33. Well being ranking • Used for ranking and grouping households and communities on the basis of income/livelihood, wealth and other perceivable well being criteria such as educational attainment, food security etc. • It is based on the perception of the local people. It helps to understand the local people’s conceptions of wealth, well-being and their views on socio-economic disparities between households. Note: the ranking is relative and not absolute • Helpful to explore issues like: livelihood, vulnerability, constraints to development as people perceive them, and to design intervention strategies in line with people’s aspirations. • To study inter-household and inter-group socio-economic disparities and to understand how the local people view them. • Well being ranking is generally done with key informants. The selection is made based on the basis of their knowledge about the different households.

  34. Following from the Social mapping exercise, make a list of households. The names of the head of households are written on separate cards. A group of key informants with good knowledge of the village are then asked to rank the household.

  35. Let the participants do the ranking on their own. Ask the participants to sort out the household cards into representatives categories of well- being. Ensure that the participants discuss among themselves and arrive at the well-being categories.

  36. As the participants arrange the household cards, ask them why they have placed the cards in a particular order. This gives you the criteria participants are using to do the well being ranking

  37. Card Sorting Method: If small villages with household ranging from 30-40, ask the participants to arrange the households in descending order of well-being, i.e., highest to lowest on well being

  38. Note down the numbers and the names of the head of the households falling under each category of well being. Add the necessary basic details on each household card. Also prepare a category wise list of the households with details of the assets, income , occupation etc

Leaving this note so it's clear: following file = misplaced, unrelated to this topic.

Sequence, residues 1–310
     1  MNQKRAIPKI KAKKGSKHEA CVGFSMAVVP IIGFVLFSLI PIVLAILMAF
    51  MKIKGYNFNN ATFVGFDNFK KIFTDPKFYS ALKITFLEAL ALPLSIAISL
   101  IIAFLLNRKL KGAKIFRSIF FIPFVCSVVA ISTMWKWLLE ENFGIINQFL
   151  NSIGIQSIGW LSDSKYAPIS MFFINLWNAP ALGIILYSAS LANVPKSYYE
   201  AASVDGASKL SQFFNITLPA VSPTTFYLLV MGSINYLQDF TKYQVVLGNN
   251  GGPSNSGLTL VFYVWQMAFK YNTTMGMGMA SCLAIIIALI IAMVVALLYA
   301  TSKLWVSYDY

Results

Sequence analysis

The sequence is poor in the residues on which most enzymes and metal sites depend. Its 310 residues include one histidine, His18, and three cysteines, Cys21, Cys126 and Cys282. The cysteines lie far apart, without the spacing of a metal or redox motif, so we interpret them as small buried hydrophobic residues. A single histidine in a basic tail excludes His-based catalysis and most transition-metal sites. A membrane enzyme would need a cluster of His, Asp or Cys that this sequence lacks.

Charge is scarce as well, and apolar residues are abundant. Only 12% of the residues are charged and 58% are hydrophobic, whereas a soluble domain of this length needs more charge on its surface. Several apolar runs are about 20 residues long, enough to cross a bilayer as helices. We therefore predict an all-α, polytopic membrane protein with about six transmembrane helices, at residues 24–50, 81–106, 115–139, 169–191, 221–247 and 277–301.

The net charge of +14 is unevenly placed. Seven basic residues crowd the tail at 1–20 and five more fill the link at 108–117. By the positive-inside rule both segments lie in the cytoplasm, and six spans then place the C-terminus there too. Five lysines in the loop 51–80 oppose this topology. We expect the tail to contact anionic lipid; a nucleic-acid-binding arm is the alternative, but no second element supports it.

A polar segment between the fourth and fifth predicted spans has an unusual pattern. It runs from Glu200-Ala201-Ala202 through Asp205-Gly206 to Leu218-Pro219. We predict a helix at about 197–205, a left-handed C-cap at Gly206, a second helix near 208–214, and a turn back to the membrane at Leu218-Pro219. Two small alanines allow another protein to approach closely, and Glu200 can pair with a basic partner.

39. The Statistical Model

  40. a table where the household numbers are put serially and then the scores each household gets from the three key informants is indicated. Calculate the average of the there scores and put it in the last column

  41. Challenges • As well-being ranking relies heavily on cards marked with the names of HH, the non-literate don’t find the process very participatory. A common practice- one of the participants reads the names on the cards aloud. However, problem of sensitive nature of the information that is being handled and processed • Well being ranking is based on the assumption that the key informants are knowledgeable about the relative well-being of all households in their locality. This assumption might prove to be incorrect in certain cases. In large localities, it is difficult to find participants who know about different groups. This holds true for urban and semi-urban areas. • Wealth, income, assets etc are generally considered sensitive topics and are not discussed openly in many communities • Expectations of the participants on the outcome